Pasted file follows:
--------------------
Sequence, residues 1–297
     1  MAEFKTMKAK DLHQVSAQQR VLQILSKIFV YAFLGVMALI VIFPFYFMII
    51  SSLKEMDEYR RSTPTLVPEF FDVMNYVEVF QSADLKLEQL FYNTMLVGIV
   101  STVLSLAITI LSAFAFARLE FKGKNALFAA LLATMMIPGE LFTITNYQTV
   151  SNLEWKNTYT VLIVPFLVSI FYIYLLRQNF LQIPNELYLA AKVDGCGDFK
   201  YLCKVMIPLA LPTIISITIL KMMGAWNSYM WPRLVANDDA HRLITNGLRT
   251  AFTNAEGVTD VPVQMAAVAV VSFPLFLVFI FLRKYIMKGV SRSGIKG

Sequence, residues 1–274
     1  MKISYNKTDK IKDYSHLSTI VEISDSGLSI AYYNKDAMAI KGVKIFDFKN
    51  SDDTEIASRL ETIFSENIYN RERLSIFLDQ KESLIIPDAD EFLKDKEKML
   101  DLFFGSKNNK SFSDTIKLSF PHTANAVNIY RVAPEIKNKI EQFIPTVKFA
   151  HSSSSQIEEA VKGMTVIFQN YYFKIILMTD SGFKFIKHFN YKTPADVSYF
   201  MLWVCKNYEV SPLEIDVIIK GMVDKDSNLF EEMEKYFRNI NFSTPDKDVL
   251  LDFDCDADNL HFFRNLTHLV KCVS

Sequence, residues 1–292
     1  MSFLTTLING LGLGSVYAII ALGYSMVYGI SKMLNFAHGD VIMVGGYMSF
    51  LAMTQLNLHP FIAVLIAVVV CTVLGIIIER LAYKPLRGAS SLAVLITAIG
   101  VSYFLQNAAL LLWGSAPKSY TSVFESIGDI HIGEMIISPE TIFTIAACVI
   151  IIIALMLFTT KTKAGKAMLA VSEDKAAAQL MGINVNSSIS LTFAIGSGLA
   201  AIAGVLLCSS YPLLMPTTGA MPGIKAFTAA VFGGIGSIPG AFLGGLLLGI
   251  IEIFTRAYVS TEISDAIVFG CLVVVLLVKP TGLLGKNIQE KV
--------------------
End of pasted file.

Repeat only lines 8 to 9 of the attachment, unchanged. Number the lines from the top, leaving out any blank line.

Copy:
Sequence, residues 1–274
     1  MKISYNKTDK IKDYSHLSTI VEISDSGLSI AYYNKDAMAI KGVKIFDFKN